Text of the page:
Vista wireless access point config
November 5, 2007 6:27 AM   Subscribe

I am running Windows Vista Home Premium and am having problems configuring a new wireless access point. Windows is unable to connect to it and I simply receive an "HTTP 400 Bad Request" error in my browser.

My Netgear A/B access point just died after years of service so I needed to replace it and found very limited choices. I am trying to configure the D-Link AG700AP (access point). By default the IP is set to 192.168.0.50. My current network runs in the 192.168.1.0 range. After plugging the access point into the laptop, Vista's Network and Sharing Center shows the network exists (Private Network) and it shows up. I have attempted to 'hardcode' the IPv4 setting for the adapter as:
IP address: 192.168.0.51
Subnet mask: 255.255.255.0
Default gateway: 192.168.0.50
Preferred DNS server: 192.168.0.50

The web browser reports the following error when attempting to connect to http://192.168.0.50.

This error (HTTP 400 Bad Request) means that Internet Explorer was able to connect to the web server, but the webpage could not be found because of a problem with the address.

In order to attach to a router/access point outside of my current network I was always able to do this (hardcode the settings) in XP, but for some reason this isn't working in Vista. Is it because of Vista using IPv6 and IPv4? I admit I'm confused on this.

If I leave the Integrated Controller settings to auto grab the IP (instead of hardcoding as above), then it doesn't acquire an IPv4 gateway. The autoconfig IP is set to 169.254.56.168.

Thanks for any help!
posted by mcarthey to Computers & Internet (9 answers total)
 
I'm a bodger rather than an IP pro, but:

I think you have the wrong subnet mask. IIRC, with a subnet mask of 255.255.255.0, your router would have to be at 192.168.1.50 before your network would see and talk to it.

Also, is your firewall allowing the packages through?

Finally, on every router I've ever configured, the IP number on the internet facing side tends to be the one that's allocated by your ISPs DHPC server and so will be your 'real world' IP number.

However, if you're using this to join two private networks, or possibly if you're using it to talk to another router, you'd use adjacent IP numbers.
posted by PeterMcDermott at 8:41 AM on November 5, 2007


If I leave the Integrated Controller settings to auto grab the IP (instead of hardcoding as above), then it doesn't acquire an IPv4 gateway. The autoconfig IP is set to 169.254.56.168.

Actually, this is as it should be if the router is talking to the internet. Your IP gateway (the one that you enter into your TCP control panel) should be the routers IP number, which you've allocated as 50.
posted by PeterMcDermott at 8:44 AM on November 5, 2007


If you are getting a 169.x.x.x IP address, that sounds like DHCP isn't turn on for your router.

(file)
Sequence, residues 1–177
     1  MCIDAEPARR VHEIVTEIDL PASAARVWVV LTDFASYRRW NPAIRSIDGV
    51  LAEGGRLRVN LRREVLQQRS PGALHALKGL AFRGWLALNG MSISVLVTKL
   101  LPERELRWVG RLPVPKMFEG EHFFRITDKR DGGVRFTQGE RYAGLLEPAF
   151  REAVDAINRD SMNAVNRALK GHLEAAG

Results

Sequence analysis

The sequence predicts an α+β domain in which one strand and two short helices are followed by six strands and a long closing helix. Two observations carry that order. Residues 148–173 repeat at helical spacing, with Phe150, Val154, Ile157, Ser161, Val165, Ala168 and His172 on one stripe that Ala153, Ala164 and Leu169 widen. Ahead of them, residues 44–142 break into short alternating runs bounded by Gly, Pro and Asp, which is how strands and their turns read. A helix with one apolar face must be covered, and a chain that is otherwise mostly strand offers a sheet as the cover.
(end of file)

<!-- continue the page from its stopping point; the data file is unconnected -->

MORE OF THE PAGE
Why not turn DHCP on and let your router assign 192.168.0.x addresses to all your network devices?
posted by mphuie at 9:18 AM on November 5, 2007


Thanks for the responses all. I am simply trying to connect to the access point in order to configure it. This is an access point, so it will not be providing DHCP (my primary router handles that), but either way I cannot access the configuration for it due to these issues mentioned. Yes, the subnet mask of 255.255.255.0 will provide 254 different possible hosts but only the one subnet. In this case, I am not trying to connect the two networks via subnetting, so that's fine. For the purposes of configuration I simply want to connect to the access point which has the default IP of 192.168.0.50. Therefore we can ignore the 192.168.1.0 network. It is not intended to be active during this configuration process. I want to change the new access point to use the same subnet instead of its default. I also understand the difference between the WAN and LAN IPs. My difficulty is that I am unable to connect to the 192.168.0.0 network.
Thanks for any help!
posted by mcarthey at 9:44 AM on November 5, 2007


The fact that you are getting an HTTP error response means that you have managed to talk to your AP, so the routing must be working properly.

I'm guessing your AP is refusing to be configured by someone outside its own subnet, for security reasons.

The obvious thing to do would be to (temporarily) assign a static address in 192.168.0.0/24 to your PC, talk to the AP and move it over to 192.168.1.0/24 or wherever. Then restore your initial PC configuration and proceed.
posted by the number 17 at 11:08 AM on November 5, 2007


Gah you have already done this - my bad

The next obvious thing to do would be to use another computer, one not running Vista. Also what browser are you using ? Maybe it's doing some funny stuff with the headers.
posted by the number 17 at 11:15 AM on November 5, 2007


did you try hitting it up with SSL? https instead of http? sometimes the error messages get confused with the less-capable https stacks in dedicated appliance gear.
posted by jenkinsEar at 11:23 AM on November 5, 2007


Your DNS is incorrect - it cannot be in the 192.168.x.x range. That's why you can't load any web pages. Find out what it should be from your ISP.
posted by kenchie at 11:52 AM on November 5, 2007


the number 17, thanks. I finally just hooked it to a Win2K machine and it worked fine to configure. Doing as I had tried (and as you suggested by setting the static address) worked fine. I don't get why it doesn't work in Vista. This is definiately a problem and something I'm going to have to look into. I suspect it's something about IPv6, but I don't know enough about it (yet) to say if it's true or not. Either way, I can't get it to work as expected in Vista.
Thanks for the suggestions all.
posted by mcarthey at 11:56 AM on November 5, 2007


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